Another Attempt to Post Martin Taylor's "Re: What is revolutionary about PCT?", Part 1

OK, one more try, sans url:


[From Rick Marken (2017.09.18.1620)]

This is an attempt to again post this essay from Martin Taylor. Martin has been unable to post it and I was unable to post it. We are in contact with the csgnet support people so I want to make sure that this inability to post this one thing is really happening.Â



[From Rick Marken (2017.09.16.1110)]

Martin Taylor has been having problems distributing this post to CSGNet. So he asked me to post it for him to see if the problem was on the CSGNet listserver side or his side. I see that two posts from Martin with the subject head "What is revolutionary about PCT? (Part 1)" have been posted successfully to CSGNet in the last couple hours but they seem to be only partial versions of the complete post, which (if it comes through to CSGNeet from me) is included below:


[Martin Taylor 2017.]

PCT is revolutionary. Let's take that as a starting point. But what makes it so is less easy to understand.Â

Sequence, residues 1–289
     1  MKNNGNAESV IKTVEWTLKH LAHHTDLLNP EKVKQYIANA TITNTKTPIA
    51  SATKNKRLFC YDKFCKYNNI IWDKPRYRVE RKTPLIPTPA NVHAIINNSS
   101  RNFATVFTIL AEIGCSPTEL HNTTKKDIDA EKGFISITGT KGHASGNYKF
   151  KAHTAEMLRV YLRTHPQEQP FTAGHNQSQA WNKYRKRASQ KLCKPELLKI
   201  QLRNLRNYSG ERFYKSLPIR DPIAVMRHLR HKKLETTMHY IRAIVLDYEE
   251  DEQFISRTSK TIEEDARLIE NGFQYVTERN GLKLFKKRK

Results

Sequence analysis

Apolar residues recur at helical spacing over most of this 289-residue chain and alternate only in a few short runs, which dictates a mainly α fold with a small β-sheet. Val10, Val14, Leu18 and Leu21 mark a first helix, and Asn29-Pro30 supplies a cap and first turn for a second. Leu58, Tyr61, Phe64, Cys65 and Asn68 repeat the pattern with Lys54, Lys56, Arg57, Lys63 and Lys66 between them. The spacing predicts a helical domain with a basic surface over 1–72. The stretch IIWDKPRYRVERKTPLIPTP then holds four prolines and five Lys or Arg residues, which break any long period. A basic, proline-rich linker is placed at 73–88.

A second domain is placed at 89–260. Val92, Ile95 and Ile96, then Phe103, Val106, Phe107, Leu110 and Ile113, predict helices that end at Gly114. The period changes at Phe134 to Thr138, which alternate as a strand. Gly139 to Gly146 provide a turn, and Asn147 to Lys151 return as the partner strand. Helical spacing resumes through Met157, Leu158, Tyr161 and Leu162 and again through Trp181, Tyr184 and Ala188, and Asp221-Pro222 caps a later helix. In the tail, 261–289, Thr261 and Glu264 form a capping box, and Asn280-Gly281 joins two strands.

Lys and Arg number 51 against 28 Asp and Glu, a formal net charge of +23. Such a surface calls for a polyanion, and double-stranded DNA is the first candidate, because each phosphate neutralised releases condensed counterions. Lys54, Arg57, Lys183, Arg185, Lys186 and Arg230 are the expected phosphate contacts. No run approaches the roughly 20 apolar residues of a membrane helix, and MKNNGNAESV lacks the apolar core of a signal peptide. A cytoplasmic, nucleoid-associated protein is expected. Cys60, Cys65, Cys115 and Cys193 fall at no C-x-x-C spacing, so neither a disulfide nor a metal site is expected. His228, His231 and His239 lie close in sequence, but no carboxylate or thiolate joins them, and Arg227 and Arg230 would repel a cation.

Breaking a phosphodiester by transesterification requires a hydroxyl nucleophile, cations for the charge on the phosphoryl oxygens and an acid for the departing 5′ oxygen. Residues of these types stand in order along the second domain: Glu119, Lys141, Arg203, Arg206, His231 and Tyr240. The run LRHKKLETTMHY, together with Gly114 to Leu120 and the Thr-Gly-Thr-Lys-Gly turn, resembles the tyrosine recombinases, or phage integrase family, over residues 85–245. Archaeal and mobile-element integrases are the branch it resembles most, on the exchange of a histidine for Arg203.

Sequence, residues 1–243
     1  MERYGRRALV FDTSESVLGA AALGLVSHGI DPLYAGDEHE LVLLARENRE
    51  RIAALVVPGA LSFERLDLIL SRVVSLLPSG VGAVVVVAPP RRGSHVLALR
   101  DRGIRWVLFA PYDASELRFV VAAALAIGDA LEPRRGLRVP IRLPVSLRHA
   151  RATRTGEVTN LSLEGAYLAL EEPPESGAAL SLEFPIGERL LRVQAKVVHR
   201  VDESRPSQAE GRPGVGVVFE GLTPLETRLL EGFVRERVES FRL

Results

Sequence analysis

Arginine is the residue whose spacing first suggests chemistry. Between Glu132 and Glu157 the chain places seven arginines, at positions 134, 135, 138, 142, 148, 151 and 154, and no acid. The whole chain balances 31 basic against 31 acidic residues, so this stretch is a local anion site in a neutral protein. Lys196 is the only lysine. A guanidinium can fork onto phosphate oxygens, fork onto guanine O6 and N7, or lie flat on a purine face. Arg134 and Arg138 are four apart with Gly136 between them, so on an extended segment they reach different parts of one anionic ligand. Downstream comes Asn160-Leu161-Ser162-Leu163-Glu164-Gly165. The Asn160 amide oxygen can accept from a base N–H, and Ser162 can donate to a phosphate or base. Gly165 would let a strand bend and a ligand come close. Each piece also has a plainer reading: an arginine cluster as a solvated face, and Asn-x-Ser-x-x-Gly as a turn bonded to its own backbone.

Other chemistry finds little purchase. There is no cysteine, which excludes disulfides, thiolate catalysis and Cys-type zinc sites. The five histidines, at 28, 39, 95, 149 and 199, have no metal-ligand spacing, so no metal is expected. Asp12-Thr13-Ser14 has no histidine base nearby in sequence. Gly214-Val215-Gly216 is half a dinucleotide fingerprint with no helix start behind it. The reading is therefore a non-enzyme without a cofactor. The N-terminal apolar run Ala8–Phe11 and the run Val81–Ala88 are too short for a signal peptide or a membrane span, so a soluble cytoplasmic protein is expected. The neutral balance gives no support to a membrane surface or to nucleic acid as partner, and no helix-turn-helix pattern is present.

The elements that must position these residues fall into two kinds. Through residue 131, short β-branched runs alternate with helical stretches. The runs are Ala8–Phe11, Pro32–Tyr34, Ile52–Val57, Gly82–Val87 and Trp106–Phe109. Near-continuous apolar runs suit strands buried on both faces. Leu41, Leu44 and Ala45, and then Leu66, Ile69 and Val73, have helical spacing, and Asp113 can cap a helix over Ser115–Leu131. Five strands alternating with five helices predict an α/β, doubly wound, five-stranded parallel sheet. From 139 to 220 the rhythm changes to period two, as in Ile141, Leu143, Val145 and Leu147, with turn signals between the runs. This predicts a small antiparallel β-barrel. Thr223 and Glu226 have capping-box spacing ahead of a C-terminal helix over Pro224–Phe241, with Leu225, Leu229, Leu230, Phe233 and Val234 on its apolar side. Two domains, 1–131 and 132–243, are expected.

One could look at the effects that might be expected if it was widely accepted. Would anything change much? If a lot of things would change drastically, then that would be a reason for calling it revolutionary. But if just slipping it in "under the hood" as it were, in the way one can change software modules without changing their interface to the world, should it then be called "revolutionary"? I can't prove it, but my belief is that PCT is revolutionary in this sense.

Another approach might be to consider whether acceptance of PCT would change ways of looking at problems in different domains that are usually considered unrelated. The "Behavioural Illusion" might flag this possibility. If effects are first examined as possibly being caused by people controlling certain perceptions, then approaches to solutions for problems created by those effects might be quite different from the approaches that treat people as pawns in a greater game. The "Behavioural illusion" is only one indicator of this possibility. Maybe PCT could offer an approach to solutions for problems that seem to have no solution. Then it would be revolutionary. I believe PCT is indeed revolutionary in this second sense, but again I can't prove it other than by pointing to a few examples, which really is no proof.

Yet a third approach (and the one that seems most persuasive to me) is the Ockham's Razor approach, which looks at the theory itself rather than its influence on the conceptual world in which it lives. I believe this one can be argued more rigorously as demonstrating the revolutionary nature of PCT.